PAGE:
I listened to MGM's uke challenge and it was ear opening. I'm listening on my iMac with Yamaha HS50M monitors although I understand the source files are compressed. There's no substitute for hearing 'em live.

Right now I'm just looking forward to some noodling on a bunch of different instruments with the payoff of being able to take a nice one home at the end.

Mr. Miyagi
10-20-2009, 04:41 PM
Welcome!

If you've been playing guitar for that long, you already know what you like. When I got the "uke" bug after 30+ years playing guitar, I started out with an inexpensive uke and immediately wanted something better. I would buy the best you can afford and hopefully you can keep the UAS at bay for a while!:D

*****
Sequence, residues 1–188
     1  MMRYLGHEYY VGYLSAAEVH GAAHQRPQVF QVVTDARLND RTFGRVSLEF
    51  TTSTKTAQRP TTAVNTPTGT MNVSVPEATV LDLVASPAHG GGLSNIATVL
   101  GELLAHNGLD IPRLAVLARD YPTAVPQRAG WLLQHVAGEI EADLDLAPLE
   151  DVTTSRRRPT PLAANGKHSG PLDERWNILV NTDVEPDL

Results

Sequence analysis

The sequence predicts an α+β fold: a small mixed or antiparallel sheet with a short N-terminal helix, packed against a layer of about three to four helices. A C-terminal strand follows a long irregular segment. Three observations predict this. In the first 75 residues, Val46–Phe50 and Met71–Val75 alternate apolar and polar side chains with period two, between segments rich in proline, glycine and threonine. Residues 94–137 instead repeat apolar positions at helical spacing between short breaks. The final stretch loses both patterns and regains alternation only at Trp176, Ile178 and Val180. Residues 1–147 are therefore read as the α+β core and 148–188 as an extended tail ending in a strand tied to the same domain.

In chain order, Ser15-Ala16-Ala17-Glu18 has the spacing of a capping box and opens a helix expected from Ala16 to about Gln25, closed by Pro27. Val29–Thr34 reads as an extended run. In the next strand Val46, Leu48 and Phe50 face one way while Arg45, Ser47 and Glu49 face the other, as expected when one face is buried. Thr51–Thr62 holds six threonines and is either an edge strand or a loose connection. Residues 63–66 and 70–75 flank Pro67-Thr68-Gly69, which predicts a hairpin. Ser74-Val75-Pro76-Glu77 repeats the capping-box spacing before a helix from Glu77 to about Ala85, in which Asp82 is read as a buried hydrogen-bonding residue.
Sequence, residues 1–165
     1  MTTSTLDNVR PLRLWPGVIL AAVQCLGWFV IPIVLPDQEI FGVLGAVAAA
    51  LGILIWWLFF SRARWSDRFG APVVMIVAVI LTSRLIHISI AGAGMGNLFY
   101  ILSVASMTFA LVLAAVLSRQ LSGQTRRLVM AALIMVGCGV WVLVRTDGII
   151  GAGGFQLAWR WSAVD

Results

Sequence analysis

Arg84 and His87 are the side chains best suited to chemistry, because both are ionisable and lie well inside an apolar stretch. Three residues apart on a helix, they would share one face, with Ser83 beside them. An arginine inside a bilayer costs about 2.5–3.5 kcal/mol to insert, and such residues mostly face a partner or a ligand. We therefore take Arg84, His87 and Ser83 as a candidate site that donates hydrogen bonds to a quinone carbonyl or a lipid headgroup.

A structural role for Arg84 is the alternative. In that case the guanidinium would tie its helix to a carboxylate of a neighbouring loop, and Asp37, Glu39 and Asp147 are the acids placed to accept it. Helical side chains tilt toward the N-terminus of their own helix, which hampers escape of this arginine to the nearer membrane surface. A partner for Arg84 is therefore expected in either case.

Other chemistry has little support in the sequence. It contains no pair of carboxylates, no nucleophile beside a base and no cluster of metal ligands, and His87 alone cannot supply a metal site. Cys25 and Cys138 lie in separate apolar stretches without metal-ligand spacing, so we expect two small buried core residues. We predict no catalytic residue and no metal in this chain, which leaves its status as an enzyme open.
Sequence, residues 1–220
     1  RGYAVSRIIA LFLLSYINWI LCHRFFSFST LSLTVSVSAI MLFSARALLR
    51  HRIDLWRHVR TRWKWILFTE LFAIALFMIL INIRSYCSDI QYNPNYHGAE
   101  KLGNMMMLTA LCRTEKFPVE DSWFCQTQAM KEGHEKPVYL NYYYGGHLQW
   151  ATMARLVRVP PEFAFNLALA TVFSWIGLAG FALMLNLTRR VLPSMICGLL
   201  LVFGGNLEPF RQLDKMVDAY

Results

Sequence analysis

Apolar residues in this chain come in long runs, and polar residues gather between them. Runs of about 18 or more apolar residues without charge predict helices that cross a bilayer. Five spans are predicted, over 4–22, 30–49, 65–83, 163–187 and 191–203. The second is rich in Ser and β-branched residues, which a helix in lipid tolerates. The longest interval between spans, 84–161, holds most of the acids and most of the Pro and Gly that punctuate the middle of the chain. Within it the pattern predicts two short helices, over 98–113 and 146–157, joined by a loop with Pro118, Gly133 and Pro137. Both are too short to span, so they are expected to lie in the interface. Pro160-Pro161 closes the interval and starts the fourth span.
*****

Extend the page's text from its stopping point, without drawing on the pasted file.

pithaya9
10-20-2009, 04:51 PM
Buy the best you can afford, a K brand would be the best choice.

And welcome to the underground.

mrplatypus70
10-20-2009, 04:56 PM
Welcome to the ukulele world. I was also I long time guitar player and I still play but ukulele is highly addictive and I would say I now play ukulele about 70% of the time. I would agree with getting a decent uke for a starter, no need to go crazy but for about 200 bucks you could get something way better then the cheap ones. Then of course you will need more, I have 5 after about 3 years and if my financial situation was better I would have more. Good luck on your purchase and welcome!!!

scottie
10-20-2009, 05:06 PM